Tuesday, 15 January 2013

They're my laws.

Every new Assembly session is opened by the Queen. Its a big jamboree. But like every event it’s not without some controversy. 

Dedicated Republicans boycotted the event. Last time Leanne Wood, Bethan Jenkins and Lynsey Whittle  decided to hold a rival republican meeting. 

Ieuan Wyn Jones the then leader of Plaid Cymru decided after a bruising election campaign  to take a holiday. Oh, how his  holiday created a storm on the Welsh airwaves and in the press. Disrespectful to the monarch was the cry at the time.

It was a day of pomp and some considerable ceremony. 

Shortly, afterwards the new Labour government announced what its legislative programme was to be. Most of the bills proposed will become law, eventually. 

To make them legal, the Queen has to sign up to them by attaching her signature. Part of her duties as head of State. 

A formality. Just another throwback to the days when the Monarch had real powers. But still part of the constitution. A throwback to the old days. No question that the will of parliament will prevail and the Queen will put pen to  paper shortly afterwards.

Well, that’s what most of her “subjects” were led to believe.  The powers of the crown were now purely ceremonial. Oh, how naive a view that would seem to be.

The extent of the Queen and for that matter the Prince of Wales’s secretive powers have just been made public. Made public only after Downing Street had to be dragged kicking and screaming to publish after a  15 month long battle and a court order.

The papers show that at least 39 bills have been subject to the most senior royals’ little-known power to consent to or block new laws. Ministers and civil servants are obliged to consult the Queen and Prince Charles in greater detail and over more areas of legislation than was previously understood. If the Royals don’t agree major bits of Bills “have to be removed.”

These powers have been used on Westminster bills. What is not know is what powers the Royals have over Welsh laws. Do they have the same powers? Do Welsh Government civil servants have to run past the royals, Welsh Bills? Does the same happen to amendments proposed to such bills, do they have to have the consent of the Royals?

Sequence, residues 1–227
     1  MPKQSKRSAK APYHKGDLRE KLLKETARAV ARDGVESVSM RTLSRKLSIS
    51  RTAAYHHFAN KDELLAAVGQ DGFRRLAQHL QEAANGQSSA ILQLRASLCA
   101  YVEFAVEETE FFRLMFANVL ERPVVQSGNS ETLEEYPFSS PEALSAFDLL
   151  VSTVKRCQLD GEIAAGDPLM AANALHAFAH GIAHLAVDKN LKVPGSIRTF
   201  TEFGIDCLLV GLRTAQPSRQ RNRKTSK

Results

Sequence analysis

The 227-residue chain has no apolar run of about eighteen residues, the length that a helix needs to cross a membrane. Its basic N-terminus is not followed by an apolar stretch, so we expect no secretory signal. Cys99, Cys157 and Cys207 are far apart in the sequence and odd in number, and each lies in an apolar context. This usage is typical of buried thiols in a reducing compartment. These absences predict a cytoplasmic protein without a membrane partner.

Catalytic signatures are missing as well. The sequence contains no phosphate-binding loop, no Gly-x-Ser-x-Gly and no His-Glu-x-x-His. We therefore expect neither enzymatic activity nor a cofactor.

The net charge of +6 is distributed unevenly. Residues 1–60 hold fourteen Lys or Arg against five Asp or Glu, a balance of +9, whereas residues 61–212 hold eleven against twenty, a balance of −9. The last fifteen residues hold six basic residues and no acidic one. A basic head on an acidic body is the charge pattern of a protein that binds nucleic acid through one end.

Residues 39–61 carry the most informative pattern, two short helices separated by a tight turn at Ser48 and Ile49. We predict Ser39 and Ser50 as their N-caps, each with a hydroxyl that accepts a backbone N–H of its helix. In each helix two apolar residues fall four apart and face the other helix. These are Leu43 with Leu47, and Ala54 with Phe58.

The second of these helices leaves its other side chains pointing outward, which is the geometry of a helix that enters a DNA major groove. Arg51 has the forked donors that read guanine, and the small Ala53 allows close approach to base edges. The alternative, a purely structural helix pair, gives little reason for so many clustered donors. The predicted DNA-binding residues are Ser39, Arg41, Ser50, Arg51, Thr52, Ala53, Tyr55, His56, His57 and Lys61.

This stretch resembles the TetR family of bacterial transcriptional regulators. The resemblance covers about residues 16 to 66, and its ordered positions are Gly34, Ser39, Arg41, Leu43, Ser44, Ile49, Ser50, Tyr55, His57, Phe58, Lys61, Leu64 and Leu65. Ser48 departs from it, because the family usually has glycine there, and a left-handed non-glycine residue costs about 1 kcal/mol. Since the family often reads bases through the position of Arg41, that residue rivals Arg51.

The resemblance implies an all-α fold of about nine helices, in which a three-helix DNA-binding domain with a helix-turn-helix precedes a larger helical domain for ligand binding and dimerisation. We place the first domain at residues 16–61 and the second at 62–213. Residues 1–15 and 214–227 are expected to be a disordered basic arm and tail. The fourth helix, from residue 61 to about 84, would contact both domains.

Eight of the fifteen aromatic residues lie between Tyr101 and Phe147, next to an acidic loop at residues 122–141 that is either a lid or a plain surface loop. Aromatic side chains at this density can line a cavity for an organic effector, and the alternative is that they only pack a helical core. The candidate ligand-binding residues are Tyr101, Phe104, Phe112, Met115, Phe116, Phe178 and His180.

The powers they have come under the name of prerogative powers. Now most constitutional anoraks say that they are little used. Implying that they have the cobwebs of history all over them. Not so, what is clear is that the Royals wield great power and influence. And its all hidden. No transparency here. 

Wales has a relatively new democratic body. It won law making powers after the people had decided in a referendum. All should have an equal right to influence the law makers. But no one, apart from those elected by the people should be able to stop or amend Assembly laws.


  1. Let's just put this in some perspective. Wales 'won law making powers after the people had decided in a referendum.' Yes, but only the people of Wales had a vote. Not the people of England, Northern Ireland or Scotland.

    And yet it is the people of all these lands, and most particularly the people of England, that contribute most to the coffers of Wales. A clear case of pay but have no say!

    It is the Queen that we rely upon to ensure that we are happy to keep on paying. And it is the Queen that you rely upon to ensure that these funds keep flowing. It's a fundamental part of Britishness. You would be wise to remember this.

  2. We DO know don't we that in the Government of Wales Act, they must consult anything that effects the interest of the Duke of Cornwall (or something similar).

    How can this happen in a 'democracy'?

    Personally prerogative powers do have to remain for historical reasons then fine. But when they are used, Ministers should be duty bound to inform the people of this 'democracy' immediately.

  3. "And yet it is the people of all these lands, and most particularly the people of England, that contribute most to the coffers of Wales. A clear case of pay but have no say!"

    This is not true. It always keeps coming up but is untrue. It's the people of Wales that contribute the most to the Welsh coffers, then there is an essential top up from the rest of the UK, not 'people of England' but the financial sector of the south-east, Scottish oil and gas revenues, taxes paid by coropoations etc.